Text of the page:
The United States has been gripped by a heroin and opiate epidemic with user numbers recently hitting a 20 year high. In 2014, the number of U.S. heroin users passed the million mark with deaths from overdoses rising steeply. Drugs are now killing substantially more Americans every year than car crashes. In 2004, 30,711 deaths were drug related compared to 42,836 in motor vehicle accidents.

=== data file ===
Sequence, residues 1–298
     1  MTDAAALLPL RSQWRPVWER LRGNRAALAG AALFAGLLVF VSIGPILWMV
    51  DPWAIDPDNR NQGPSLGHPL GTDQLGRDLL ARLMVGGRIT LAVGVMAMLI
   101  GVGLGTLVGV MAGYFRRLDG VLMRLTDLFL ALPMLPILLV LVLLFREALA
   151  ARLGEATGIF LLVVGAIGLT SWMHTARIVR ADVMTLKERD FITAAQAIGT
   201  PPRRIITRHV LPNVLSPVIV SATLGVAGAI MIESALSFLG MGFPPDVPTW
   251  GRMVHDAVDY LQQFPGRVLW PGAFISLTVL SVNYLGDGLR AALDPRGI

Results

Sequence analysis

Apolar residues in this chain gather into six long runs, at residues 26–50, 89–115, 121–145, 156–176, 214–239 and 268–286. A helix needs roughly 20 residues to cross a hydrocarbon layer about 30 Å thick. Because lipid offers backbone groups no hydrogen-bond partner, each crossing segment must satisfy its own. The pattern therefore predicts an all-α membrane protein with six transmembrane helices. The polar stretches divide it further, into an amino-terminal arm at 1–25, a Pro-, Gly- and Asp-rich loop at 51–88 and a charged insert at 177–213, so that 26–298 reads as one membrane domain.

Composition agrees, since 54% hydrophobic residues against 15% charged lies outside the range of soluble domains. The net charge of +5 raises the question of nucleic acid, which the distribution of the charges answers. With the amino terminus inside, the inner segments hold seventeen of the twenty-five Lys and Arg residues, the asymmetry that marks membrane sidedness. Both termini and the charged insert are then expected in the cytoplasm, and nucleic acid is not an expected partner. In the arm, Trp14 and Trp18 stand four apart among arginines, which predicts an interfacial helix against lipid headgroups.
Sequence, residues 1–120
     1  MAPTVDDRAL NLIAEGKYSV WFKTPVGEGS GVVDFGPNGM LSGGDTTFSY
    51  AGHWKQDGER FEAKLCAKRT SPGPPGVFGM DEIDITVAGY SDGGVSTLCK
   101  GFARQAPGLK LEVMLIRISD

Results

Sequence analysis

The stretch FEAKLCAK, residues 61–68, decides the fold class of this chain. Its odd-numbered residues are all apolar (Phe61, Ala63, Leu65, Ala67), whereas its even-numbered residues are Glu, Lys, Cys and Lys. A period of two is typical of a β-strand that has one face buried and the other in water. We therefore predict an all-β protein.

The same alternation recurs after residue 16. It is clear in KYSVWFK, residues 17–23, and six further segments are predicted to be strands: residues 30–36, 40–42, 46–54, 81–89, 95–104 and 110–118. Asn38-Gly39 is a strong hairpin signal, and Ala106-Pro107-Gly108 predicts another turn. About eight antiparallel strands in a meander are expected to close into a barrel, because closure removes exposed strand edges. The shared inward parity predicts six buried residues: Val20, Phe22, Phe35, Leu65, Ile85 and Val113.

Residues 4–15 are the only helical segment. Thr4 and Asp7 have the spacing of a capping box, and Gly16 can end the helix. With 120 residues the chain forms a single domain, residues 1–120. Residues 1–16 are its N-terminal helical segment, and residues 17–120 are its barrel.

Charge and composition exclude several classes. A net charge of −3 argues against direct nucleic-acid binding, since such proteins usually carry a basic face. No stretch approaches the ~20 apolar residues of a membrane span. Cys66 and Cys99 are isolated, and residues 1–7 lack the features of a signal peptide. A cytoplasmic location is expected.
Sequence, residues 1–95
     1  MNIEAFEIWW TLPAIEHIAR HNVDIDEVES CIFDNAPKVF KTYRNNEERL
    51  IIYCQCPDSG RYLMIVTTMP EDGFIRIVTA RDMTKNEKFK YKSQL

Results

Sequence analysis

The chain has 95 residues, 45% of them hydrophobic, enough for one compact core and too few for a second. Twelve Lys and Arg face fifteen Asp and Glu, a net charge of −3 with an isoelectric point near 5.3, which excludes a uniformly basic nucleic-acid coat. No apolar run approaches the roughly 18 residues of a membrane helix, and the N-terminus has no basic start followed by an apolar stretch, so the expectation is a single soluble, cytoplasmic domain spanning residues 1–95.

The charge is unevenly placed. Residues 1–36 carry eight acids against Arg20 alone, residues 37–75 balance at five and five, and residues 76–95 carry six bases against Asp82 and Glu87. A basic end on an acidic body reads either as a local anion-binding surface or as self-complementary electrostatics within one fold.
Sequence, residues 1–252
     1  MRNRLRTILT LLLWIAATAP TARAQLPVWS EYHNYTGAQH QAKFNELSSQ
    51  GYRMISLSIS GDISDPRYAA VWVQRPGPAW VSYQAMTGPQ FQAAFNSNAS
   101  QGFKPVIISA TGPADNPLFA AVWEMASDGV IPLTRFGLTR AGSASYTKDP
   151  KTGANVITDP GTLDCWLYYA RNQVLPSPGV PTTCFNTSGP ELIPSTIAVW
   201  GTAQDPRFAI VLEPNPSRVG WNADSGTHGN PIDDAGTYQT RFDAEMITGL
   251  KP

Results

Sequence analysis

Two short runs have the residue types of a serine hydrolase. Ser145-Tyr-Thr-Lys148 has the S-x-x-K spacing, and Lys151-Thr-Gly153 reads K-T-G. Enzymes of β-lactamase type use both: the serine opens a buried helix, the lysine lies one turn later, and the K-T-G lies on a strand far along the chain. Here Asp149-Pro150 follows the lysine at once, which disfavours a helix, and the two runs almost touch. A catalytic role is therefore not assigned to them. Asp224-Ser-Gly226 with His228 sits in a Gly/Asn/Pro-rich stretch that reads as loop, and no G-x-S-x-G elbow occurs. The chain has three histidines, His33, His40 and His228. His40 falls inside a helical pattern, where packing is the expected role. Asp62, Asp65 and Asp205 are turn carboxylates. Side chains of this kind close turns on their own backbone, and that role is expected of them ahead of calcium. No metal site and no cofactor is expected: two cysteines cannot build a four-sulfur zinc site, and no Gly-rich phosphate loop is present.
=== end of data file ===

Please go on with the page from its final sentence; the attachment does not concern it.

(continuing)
A decade later, drug-induced deaths reached 49,714 while road crash deaths fell to 32,675. As well as the cheap suppy of heroin, legistlation aimed at eliminating prescription opioid abuse has actually added to the problem. It involved changing the texture of the pills to make them more difficult to crush and inject into the bloodstream. That move made people shift over to heroin in droves. New and deadlier drugs such as Fentanyl are also adding to the overdose epidemic. 50 times more potent than heroin, Fentanyl has created an overdose spike in several north-eastern states and has been named as the drug that killed pop singer Prince earlier this year.
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